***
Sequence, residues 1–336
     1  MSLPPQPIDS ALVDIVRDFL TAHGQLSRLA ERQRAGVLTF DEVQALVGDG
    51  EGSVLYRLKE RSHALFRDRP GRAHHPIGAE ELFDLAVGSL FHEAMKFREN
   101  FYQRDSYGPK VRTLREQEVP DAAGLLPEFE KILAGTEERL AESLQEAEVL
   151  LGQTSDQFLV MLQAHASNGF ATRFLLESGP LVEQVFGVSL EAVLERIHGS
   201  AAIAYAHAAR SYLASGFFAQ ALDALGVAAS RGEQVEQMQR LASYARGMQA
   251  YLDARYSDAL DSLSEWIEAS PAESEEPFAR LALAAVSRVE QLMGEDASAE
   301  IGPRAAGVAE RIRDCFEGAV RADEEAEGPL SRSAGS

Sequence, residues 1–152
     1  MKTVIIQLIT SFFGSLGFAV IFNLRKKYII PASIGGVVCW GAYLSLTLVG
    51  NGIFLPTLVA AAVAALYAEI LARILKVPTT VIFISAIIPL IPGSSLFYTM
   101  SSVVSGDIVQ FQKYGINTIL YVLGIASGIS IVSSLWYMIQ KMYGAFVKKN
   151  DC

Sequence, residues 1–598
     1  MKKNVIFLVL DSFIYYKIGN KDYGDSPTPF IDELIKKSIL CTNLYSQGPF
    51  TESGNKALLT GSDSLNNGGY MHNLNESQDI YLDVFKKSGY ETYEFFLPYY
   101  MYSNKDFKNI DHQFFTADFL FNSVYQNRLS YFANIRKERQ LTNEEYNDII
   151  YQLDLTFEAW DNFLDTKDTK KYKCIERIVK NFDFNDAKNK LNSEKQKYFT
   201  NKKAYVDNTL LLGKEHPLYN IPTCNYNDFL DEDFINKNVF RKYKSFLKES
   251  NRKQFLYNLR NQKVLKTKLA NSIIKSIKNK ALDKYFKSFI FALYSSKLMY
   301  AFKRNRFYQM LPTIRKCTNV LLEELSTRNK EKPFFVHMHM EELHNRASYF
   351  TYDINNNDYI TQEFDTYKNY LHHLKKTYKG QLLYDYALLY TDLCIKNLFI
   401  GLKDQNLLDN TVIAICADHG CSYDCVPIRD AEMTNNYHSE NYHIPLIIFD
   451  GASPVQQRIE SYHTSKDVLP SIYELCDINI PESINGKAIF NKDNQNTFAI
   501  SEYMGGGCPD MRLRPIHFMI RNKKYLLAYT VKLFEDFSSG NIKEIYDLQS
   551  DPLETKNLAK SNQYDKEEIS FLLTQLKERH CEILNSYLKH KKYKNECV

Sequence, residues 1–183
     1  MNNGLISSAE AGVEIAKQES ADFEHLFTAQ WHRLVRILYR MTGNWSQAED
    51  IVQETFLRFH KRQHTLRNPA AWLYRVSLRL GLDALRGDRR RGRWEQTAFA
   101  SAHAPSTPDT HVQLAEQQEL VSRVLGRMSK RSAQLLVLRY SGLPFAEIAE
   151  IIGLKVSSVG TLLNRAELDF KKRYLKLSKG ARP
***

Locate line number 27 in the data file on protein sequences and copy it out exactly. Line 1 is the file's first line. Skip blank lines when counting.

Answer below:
Sequence, residues 1–183